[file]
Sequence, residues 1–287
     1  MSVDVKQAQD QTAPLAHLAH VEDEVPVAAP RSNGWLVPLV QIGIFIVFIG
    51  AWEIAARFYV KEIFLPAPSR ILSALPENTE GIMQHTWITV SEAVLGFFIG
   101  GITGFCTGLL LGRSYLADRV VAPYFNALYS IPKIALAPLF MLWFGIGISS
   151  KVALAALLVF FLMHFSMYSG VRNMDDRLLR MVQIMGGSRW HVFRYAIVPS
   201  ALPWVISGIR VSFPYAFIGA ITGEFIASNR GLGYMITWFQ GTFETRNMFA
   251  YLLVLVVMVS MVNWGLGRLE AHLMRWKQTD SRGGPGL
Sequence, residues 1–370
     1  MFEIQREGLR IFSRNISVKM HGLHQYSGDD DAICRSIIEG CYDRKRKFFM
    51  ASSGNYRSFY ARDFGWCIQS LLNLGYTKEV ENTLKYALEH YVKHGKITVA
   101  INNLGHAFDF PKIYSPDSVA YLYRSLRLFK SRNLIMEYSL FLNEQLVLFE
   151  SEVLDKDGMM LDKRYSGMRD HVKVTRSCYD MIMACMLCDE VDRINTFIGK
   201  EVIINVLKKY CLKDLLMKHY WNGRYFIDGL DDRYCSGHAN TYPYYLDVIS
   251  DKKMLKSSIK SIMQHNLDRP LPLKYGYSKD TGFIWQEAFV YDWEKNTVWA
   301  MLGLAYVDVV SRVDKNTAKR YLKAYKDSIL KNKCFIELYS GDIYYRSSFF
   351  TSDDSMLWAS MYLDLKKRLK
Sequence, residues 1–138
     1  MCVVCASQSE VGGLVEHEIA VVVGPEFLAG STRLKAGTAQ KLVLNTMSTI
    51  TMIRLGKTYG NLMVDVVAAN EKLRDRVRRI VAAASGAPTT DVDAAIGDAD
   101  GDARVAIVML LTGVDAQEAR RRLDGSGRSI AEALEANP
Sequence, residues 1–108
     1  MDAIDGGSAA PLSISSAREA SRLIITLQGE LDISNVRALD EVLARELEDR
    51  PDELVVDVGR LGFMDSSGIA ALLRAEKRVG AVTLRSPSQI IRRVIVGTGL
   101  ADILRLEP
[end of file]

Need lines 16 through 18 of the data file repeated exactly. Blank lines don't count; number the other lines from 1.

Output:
   351  TSDDSMLWAS MYLDLKKRLK
Sequence, residues 1–138
     1  MCVVCASQSE VGGLVEHEIA VVVGPEFLAG STRLKAGTAQ KLVLNTMSTI